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Stories from the Greek Tragedians
written by "Church, Alfred John, 1829-1912"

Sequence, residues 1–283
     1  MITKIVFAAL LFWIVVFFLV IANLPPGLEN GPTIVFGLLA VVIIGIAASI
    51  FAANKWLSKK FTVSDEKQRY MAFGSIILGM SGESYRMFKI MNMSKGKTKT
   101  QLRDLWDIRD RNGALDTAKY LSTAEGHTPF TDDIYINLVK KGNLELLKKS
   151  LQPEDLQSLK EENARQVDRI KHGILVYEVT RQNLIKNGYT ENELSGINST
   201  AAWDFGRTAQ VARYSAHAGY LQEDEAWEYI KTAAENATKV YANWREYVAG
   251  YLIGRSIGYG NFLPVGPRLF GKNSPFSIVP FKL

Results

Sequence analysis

...ng men were standing unbound upon the shore near to the stern. And other sailors were dragging the ship by the cable to the shore that the young men might embark. Then the guards laid hold of the rudder, and sought to take it from his place, crying, "Who are ye that carry away priestesses and the images of our Gods?" Then Orestes said, "I am Orestes, and I carry away my sister." But the guards laid hold of Iphigenia; and when the sailors saw this they leapt from the ship; and neither the one nor the other had swords in their hands, but they fought with their fists and their feet also. And the sailors being strong and skilful, the King's men were driven back sorely bruised and wounded. And when they fled to a bank that was hard by and cast stones at the ship, the archers standing on the stern shot at them with arrows. Then—for his sister feared to come further—Orestes leapt into the sea, and raised her upon his shoulder and so lifted her into the ship, and the image of the goddess with her. And Pylades cried, "Lay hold of your oars, ye sailors, and smite the sea, for we have that for the which we came to this land." So the sailors rowed with all their might; and while the ship was in the harbour it went well with them, but when it was come to the open sea a great wave took it, for a violent wind blew against it, and drave it backwards to the shore. And one of the guards when he saw this ran to King Thoas and told him, and the King made haste and sent messengers mounted upon horses, to call the men of the land that they might do battle with Orestes and his comrade. But while he was yet sending them there appeared in the air above his head the Goddess Athen, who spake, saying, "Cease, King Thoas, from pursuing this man and his companions; for he hath come hither on this errand by the command of Apollo; and I have persuaded Poseidon that he make the sea smooth for him to depart." And King Thoas answered, "...

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